A Safer Drive empowered by European GNSS

This page has been archived and is provided for historical reference purposes only.
The content and links are no longer maintained and may now be outdated.

01 September 2014

At a recent live demonstration in Prague, the public was given a unique preview of Europe’s eCall system in action. Powered by European GNSS technology, emergency services will be able to respond to accidents more quickly and accurately. As a result, lives will be saved.

According to organizers of the live demonstration, part of the European Space Solutions Conference 2014 in Prague, the concept of Europe’s eCall emergency service is simple. Each car is equipped with a black box, similar to what is found in airliners. When there is an accident, the black box is automatically activated, transmitting information to the public safety answering site, which instantly creates an event that records such data as the location of the vehicle, number of passengers, and type of vehicle.

“This information is then used to coordinate a faster launch of rescue services who can quickly reach you,” says Viktor Szabo of UAMK, a Czech company developing the system. “All-in-all, it takes only 16 seconds from the time of the crash to the operator receiving the information and dispatching emergency services to the scene.”

    Read More: European GNSS Success Story - eCall

One question raised is why this automation is needed – with mobile phones, can’t the passenger just call emergency services? To answer this, Viktor invited guests to take a ride in the crash demonstration vehicle.

Once inside the demo vehicle and buckled up, the car flips over and the airbag is deployed. The passenger soon finds themselves trapped between the seat and the airbag, unable to use their arms and thus unable to reach their mobile phone. Thus, the brilliance of the automated call system.

Your Car Can Call for Help

In accordance with EU objectives, all new cars will soon be equipped with this emergency call system. Once installed, whenever there is an accident the unit will automatically dial the 112 emergency number, sending a minimum set of data relevant to the accident information. Europe’s satellites provide the precise location of the vehicle.

This information is then sent to an operator of the 112 emergency number who – thanks to satellite information – can see the location of the accident on a map. The operator can communicate directly with the passengers.

    Read More: How to Enable Better Location for Emergency Calls: Galileo and 112

At the same time, the data transmitted by the eCall system is sent to emergency services, who are immediately dispatched to the scene. As these responders head to the accident site, they are guided by satellite-generated traffic information, ensuring efficient routing.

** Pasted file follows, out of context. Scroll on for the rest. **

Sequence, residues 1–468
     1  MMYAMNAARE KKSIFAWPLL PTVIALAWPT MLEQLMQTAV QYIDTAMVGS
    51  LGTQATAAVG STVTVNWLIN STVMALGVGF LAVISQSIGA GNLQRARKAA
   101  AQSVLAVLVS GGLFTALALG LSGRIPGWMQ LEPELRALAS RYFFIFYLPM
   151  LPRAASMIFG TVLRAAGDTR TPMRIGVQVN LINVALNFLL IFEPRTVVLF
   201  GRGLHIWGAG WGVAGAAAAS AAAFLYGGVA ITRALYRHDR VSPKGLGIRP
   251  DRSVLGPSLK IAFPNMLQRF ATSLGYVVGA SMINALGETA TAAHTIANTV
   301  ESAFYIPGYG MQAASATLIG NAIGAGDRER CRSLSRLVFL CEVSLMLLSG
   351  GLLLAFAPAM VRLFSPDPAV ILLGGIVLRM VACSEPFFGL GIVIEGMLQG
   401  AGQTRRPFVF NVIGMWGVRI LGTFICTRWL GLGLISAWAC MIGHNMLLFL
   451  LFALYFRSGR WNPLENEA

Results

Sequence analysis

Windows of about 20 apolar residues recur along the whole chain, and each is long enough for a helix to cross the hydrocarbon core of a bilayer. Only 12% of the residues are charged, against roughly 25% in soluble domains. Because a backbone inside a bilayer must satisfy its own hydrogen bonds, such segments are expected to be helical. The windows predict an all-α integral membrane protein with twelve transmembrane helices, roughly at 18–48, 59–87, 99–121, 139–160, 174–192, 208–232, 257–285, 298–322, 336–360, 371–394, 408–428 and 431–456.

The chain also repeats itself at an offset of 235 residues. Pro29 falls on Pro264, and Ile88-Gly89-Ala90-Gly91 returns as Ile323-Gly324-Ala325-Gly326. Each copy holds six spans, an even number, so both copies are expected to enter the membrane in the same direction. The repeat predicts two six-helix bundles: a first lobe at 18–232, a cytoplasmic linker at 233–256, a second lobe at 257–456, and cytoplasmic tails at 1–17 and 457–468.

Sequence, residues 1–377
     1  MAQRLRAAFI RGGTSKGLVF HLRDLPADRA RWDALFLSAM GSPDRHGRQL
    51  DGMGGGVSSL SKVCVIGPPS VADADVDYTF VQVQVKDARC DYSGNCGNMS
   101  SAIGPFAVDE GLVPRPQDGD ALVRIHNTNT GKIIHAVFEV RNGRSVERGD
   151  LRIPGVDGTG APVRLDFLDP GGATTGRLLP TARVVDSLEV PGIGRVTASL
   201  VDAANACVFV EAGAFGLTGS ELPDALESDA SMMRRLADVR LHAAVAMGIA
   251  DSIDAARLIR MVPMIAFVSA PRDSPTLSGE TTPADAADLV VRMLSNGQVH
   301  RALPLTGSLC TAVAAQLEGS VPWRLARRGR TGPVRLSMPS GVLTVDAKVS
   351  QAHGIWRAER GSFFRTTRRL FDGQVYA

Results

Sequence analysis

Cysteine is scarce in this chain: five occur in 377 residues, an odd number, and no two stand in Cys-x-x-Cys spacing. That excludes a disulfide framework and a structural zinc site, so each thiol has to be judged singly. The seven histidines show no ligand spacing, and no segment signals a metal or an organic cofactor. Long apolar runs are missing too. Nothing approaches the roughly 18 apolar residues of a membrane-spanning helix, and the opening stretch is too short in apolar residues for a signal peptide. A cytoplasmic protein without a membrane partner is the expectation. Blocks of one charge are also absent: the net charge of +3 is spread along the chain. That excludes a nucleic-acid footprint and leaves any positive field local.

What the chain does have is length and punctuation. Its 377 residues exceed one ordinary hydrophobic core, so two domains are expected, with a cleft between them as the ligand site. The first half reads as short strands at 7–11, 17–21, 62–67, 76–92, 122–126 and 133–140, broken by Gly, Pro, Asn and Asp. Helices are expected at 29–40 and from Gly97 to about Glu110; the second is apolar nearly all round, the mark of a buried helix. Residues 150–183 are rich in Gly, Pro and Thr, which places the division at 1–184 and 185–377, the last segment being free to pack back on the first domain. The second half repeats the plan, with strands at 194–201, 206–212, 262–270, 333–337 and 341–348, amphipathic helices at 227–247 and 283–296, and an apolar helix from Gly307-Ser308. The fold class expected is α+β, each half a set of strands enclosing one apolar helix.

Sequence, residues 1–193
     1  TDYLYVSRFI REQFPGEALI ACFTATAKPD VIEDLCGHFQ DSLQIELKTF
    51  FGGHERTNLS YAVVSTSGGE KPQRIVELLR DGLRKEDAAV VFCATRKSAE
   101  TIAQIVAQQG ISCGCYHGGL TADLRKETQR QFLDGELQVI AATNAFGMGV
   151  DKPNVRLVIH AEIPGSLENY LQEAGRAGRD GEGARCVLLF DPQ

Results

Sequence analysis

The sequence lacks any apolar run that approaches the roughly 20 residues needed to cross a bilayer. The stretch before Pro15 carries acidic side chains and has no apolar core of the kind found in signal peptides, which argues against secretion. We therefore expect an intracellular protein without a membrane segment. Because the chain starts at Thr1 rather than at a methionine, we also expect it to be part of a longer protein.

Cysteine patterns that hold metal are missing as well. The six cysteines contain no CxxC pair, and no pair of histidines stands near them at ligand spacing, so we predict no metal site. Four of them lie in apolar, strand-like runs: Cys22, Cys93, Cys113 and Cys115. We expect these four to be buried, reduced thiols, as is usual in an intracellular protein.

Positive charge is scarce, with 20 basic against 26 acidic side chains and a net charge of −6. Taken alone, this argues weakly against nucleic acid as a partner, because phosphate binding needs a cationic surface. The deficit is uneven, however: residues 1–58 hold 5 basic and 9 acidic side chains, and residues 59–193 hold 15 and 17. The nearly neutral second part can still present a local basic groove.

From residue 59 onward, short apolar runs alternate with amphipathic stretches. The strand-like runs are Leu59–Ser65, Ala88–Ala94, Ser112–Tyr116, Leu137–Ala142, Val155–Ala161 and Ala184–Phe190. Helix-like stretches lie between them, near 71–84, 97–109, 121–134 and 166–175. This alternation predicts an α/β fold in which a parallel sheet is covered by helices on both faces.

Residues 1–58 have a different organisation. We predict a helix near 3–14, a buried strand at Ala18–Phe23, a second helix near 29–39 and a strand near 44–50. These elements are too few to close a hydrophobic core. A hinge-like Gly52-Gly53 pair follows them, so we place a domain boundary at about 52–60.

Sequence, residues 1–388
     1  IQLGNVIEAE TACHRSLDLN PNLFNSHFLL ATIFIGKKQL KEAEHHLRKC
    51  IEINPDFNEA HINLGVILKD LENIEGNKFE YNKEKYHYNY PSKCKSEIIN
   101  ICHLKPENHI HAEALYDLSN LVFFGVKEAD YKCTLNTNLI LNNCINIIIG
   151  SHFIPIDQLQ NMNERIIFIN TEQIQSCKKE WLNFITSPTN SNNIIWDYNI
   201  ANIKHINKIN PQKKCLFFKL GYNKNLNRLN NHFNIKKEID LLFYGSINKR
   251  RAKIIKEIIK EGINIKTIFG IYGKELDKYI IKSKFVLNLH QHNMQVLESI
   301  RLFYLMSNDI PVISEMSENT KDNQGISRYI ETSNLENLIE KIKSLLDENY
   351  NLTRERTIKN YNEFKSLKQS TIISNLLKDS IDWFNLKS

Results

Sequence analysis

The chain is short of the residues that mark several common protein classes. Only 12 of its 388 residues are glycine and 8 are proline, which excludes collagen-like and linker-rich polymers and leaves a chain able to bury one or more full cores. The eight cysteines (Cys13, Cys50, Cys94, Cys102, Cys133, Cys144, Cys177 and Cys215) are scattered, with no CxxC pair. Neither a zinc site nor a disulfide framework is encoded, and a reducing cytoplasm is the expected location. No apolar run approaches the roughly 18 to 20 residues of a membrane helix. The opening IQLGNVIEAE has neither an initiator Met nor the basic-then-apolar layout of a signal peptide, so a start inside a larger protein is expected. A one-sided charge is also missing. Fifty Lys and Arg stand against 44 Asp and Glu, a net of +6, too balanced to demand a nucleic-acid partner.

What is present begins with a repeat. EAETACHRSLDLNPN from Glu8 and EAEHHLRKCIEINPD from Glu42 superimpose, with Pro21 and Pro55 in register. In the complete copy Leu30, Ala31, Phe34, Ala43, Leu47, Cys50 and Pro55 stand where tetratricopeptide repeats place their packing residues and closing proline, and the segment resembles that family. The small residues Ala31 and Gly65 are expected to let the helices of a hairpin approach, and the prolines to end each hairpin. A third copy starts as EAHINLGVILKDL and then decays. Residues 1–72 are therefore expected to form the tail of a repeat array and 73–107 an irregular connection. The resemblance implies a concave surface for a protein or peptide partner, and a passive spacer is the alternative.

eCall: The crashed car calls 112

Harmonised eCall European Pilot (HeERO)

In order to operate the eCall system at the international level, it must be deployed as technically compatible. The goal of the European HeERO project is to define and verify interoperability of the eCall service. A three year project launched in 2011 and the Czech Republic participates through the Ministry of Transport and the Ministry of Interior – General Directorate of the Fire Brigade of the Czech Republic.

The HeERO project is partially funded by the ICT Policy Support Programme (ICT PSP) as part of the Competitiveness and Innovation Framework Programme of the European Union.

eCall at a Glance

•    Even though you will not be able to call for help, the rescue staff will be automatically informed about the accident and will hear your call for help
•    eCall will precisely and immediately identify the location of the accident and will automatically transmit verified information to the Public Safety Answering Point (PSAP)
•    In the EU, the eCall system is being developed according to European standards and common technical principles
•    Time plays an important role – reduction of the response time by intervention units may mitigate serious health consequences of injured persons that could be caused by late medical help
•    The information about the accident is forwarded from the PSAP to the Traffic Information and Management Centre, meaning drivers approaching the accident scene will be informed about the extraordinary traffic situation and provided alternative routes


Media note: This feature can be republished without charge provided the European GNSS Agency (GSA) is acknowledged as the source at the top or the bottom of the story. You must request permission before you use any of the photographs on the site. If you republish, we would be grateful if you could link back to the GSA website (http://www.gsa.europa.eu).

More information:

The European GNSS Agency

European Space Solutions Conference 2014

Updated: Sep 05, 2014